Luckily, nutrition can help heal this process in sobriety, and there are several building blocks of this, including:
- Carbohydrates – Carbs are the body’s primary energy source and help the brain produce serotonin, the neurotransmitter necessary for a stable mood and healthy sleep
- Amino Acids – You need amino acids to produce dopamine. As I’m sure you’re all aware, your dopamine production is already damaged when you get into addiction, and this can be a way to begin fixing that
- Dietary Fat – Dietary fat can reduce inflammation and protect the integrity of cell membranes of the brain.
How sugar consumption affects recovery
Candy is always delicious, but it’s especially delicious when you’re in early recovery. Alcoholics have especially intense sugar cravings. This is due to the fact that alcohol has lots of sugar, so the brains and bodies of alcoholics are used to a high level of sugar from drinking. Sugar can also affect dopamine levels, something massively unbalanced for those in early recovery. Oftentimes at meetings, including my homegroup, there will be either candy, cookies, or donuts available, which adds even more temptation for people in recovery.
As I’m sure you’re all aware, sugary foods (candy, cake, pie, cheesecake, etc.) are bad for you. Excessive consumption can lead to weight gain and high blood pressure. In early recovery, sugar is better than using, but eat candy in moderation (which is easier said than done). To thwart excessive sugar cravings, you can try healthier activities that produce dopamine like exercise, recreational sports, music, yoga, or art. On top of that, group therapy, individual therapy, and support groups can help you build healthier habits.
Tips for Achieving a Healthy Diet
There are several ways to improve your diet while in recovery, these include:
Drinking more water
Where there is water, there is life. That is true of all life on earth, including humans who happen to be addicts and/or alcoholics. Staying hydrated is essential for improved health.
Running, biking, swimming, hiking, soccer, weightlifting, yoga, Pilates, skiing, gymnastics, cross country skiing, mountain climbing, that winter Olympics sport where you cross country ski and randomly shoot a rifle at a target, hockey, wingsuit flying. Whatever the activity, if it gets you moving, it can help you. You don’t need to instantly run 12 miles every day, running 1 or 2 is good for you too. Okay maybe not wingsuit flying, that’s extremely dangerous.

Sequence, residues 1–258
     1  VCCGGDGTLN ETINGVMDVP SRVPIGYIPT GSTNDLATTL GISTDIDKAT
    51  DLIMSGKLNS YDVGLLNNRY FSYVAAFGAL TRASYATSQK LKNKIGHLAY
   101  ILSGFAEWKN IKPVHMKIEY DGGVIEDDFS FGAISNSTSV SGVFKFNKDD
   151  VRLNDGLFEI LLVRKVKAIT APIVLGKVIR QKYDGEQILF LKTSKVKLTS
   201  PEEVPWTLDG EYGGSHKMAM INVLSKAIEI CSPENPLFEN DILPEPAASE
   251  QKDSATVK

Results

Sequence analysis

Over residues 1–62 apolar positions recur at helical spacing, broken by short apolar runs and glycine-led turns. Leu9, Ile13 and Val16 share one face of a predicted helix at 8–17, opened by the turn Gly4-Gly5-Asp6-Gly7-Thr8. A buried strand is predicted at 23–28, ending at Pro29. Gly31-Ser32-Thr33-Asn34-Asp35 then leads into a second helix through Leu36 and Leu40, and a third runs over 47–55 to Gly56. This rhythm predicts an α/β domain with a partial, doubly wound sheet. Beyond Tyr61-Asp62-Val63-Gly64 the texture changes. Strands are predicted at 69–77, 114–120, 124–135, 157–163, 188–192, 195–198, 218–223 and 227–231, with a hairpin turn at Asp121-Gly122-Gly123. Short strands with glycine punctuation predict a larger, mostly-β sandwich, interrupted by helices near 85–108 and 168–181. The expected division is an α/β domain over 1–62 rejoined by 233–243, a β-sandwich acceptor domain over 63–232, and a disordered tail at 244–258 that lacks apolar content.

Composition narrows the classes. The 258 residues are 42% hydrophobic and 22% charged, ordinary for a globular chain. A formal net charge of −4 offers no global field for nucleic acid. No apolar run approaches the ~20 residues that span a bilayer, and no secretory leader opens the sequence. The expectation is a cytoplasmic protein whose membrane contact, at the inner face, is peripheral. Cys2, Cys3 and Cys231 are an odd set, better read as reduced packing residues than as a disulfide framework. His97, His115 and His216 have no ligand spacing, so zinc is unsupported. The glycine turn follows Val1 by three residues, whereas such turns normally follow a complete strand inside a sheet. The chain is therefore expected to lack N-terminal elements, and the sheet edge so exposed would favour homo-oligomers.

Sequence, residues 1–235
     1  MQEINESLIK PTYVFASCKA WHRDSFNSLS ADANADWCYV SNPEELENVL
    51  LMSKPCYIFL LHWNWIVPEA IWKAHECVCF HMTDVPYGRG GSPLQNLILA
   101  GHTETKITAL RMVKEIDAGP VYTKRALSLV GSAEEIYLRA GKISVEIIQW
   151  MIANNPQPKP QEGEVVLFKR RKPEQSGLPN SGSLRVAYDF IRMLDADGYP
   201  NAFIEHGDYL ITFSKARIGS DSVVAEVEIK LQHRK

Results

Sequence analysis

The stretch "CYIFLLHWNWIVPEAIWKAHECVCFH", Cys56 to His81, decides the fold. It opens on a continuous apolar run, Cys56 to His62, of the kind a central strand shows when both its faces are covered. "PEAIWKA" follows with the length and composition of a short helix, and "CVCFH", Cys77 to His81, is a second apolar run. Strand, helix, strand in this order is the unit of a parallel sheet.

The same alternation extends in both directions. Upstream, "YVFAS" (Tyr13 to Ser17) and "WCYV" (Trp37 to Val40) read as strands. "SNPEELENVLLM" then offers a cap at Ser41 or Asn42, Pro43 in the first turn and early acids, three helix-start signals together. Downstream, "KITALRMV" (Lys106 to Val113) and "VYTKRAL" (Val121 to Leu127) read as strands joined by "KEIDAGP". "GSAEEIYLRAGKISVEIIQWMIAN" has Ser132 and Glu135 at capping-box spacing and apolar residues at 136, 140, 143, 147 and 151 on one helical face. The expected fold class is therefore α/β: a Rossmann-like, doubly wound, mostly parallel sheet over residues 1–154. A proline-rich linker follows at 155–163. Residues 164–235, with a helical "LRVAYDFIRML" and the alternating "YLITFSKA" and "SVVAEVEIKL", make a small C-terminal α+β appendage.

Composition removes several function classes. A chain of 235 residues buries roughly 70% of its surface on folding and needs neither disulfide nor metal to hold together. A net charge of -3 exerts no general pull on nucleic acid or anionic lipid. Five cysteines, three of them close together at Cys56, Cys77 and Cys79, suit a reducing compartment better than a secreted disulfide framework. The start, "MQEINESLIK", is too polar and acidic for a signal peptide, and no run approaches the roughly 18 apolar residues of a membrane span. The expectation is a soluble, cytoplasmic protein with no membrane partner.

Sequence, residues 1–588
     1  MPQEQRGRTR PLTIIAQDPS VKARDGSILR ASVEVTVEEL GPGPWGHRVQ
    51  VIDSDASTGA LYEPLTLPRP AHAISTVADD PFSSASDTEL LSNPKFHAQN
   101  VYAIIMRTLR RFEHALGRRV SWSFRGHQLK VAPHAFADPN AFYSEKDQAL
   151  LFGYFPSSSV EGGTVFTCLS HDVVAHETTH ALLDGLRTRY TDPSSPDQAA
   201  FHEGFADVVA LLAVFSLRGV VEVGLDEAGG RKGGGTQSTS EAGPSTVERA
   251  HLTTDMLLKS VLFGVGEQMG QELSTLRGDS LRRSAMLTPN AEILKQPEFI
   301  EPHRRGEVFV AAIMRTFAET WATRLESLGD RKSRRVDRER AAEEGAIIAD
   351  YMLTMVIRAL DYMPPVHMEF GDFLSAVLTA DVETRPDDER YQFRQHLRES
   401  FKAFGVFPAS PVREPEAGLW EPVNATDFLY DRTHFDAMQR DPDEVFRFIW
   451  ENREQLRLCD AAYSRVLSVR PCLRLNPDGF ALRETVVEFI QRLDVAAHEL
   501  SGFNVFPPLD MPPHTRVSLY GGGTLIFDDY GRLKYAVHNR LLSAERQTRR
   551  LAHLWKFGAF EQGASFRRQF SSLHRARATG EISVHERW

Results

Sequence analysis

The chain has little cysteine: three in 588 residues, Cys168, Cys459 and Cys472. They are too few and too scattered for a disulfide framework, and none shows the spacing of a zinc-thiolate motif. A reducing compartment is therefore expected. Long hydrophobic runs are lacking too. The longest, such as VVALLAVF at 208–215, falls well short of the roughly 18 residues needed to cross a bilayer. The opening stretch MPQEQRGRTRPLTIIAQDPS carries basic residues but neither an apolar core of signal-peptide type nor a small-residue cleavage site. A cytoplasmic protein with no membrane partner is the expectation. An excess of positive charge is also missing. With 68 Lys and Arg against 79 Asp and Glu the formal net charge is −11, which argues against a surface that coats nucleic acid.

Fruits and Vegetables
You’ve heard it since you were a little kid, eat your fruits and vegetables. There’s a reason that’s a cliched recommendation. Fruits and vegetables generally have lots of nutrients (some more than others). Not only that, but there are plenty of tasty options for both.
Protein: Preferably lean, and not fried
Proteins are one of the building blocks of body tissue and are a great source of energy. Lean protein is especially helpful in that regard. If you’re taking the above advice and exercising, I or anyone else who is very active will tell you that protein is extremely important for workout recovery.
Don’t fast or go too long without eating
This doesn’t mean you should eat all day every day. This just means that you shouldn’t have any 7 or 8 hour stretches with no food.
Don’t Skip Breakfast
Speaking of long stretches without food, you shouldn’t skip breakfast. That doesn’t mean you have to cook a massive breakfast for yourself every morning with a big omelet, bacon, hash browns and toast. Something simple like oatmeal, fruit, yogurt, a bowl of cereal, Pop Tarts or a Clif Bar will do the trick. Though if you want to cook a massive breakfast have at it or do what I sometimes do and cook breakfast for dinner, or brinner, which doesn’t roll off the tongue the brunch does, but I digress.
This doesn’t mean cutting out all caffeine, just don’t chug coffee or energy drinks all day. Speaking of energy drinks, you probably want to avoid those because they’re not good for you.
As mentioned above, excessive sugar is bad for you. As was also mentioned above, this doesn’t mean cutting out all sugar. Candy, ice cream, pies, cakes, and doughnuts are delicious treats, but shouldn’t be a staple of your diet.